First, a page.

Also, Canada is stacked with an overabundance of centers and not nearly enough natural wings. Obviously, a few of those centers will be switched to the wing, but it would be foolhardy to not include a few wings.

"I'll be a natural whatever they want me to be if it means making the team," St. Louis said with a grin. "If I have a chance to play for my country at this stage of my career, I'll do whatever they want. My kids are 10, 8 and 5, and they will remember this event. I take pride in that. My kids are part of everything I do now, and what I get to experience, they get to experience too.

"It's an honor and I'm flattered to be considered among the 47 players that will be there. As a player, you want to play at the highest level you can. I was left off the team in 2010 and I told myself I'd push myself as hard as I could and make it hard for them to not include me in 2014."

St. Louis' attention is not only on making the Olympic team. His No. 1 priority is helping the Lightning fight their way back to respectability. St. Louis has been the model of consistency and an inspirational leader in Tampa Bay, but the team has struggled the past couple of seasons.

The big news this summer in Tampa Bay was the buyout of longtime star and captain Vincent Lecavalier, who later signed with the Philadelphia Flyers. The Lightning also are hopeful new goalie Ben Bishop will be the answer in net, top draft choice Jonathan Drouin will be given every opportunity to make the team, and center Valtteri Filppula should add important depth. But nothing will likely replace the presence of Lecavalier, who for years was considered the face of the franchise.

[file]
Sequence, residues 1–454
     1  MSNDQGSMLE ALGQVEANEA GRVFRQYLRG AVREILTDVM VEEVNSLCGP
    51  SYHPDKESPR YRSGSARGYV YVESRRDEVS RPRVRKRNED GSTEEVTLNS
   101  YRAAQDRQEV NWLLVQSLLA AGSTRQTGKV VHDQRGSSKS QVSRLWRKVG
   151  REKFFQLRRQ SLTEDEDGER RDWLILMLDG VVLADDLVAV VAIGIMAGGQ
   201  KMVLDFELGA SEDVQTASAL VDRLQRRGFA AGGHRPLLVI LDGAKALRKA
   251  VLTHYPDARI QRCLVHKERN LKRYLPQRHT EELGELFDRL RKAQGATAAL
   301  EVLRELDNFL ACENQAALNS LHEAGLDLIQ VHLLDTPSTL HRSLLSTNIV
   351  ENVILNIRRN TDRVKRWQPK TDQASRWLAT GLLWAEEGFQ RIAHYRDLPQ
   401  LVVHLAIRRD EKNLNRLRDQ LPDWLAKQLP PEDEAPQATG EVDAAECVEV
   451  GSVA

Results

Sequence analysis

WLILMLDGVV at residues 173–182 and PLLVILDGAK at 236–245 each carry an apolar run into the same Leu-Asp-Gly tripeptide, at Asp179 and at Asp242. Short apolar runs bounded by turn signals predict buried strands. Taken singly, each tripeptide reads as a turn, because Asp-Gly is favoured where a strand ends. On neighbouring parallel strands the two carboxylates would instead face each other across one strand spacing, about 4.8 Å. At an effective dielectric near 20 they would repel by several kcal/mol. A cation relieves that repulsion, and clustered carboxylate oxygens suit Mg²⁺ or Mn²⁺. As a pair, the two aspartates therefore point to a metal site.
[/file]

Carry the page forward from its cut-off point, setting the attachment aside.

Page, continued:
"In terms of no Vinny, it's going to be quite different," St. Louis said. "We started pretty much together in Tampa Bay. He was there a few years before me, but we've been together for 13 years. It's not so much the on-ice that will be different, but not being together on the bus or in the airplanes, hotels and dinners; it’s going to be weird that he's not there.

"As a team, we need to make a move this year in terms of where we're going to be in April. It hasn't been good enough the way it has been the past few years, coming off a season where we were one win away from going to the Stanley Cup Final."

That would be the 2010-11 season, when the Lightning, coached by Guy Boucher, dropped a 1-0 decision in Game 7 of the Eastern Conference Final to the eventual champions, the Boston Bruins. Despite an abundance of scoring power, Boucher prompted his team to take a more defensive posture, limiting the talents of St. Louis, Stamkos, Lecavalier, Simon Gagne and Ryan Malone.

The Lightning struggled under Boucher in the next two seasons, missing the playoffs each year. In March, he was replaced by Jon Cooper, and St. Louis said playing for the new coach gave the players an idea of what to expect. It also gave Cooper a glimpse of what he has at his disposal.

"You want to find yourself in the battle in April and May," St. Louis said. "Not being involved in that, it's tough to watch."

That goes for the Stanley Cup Playoffs and the Winter Olympics.

Author: Mike Brophy | NHL.com Correspondent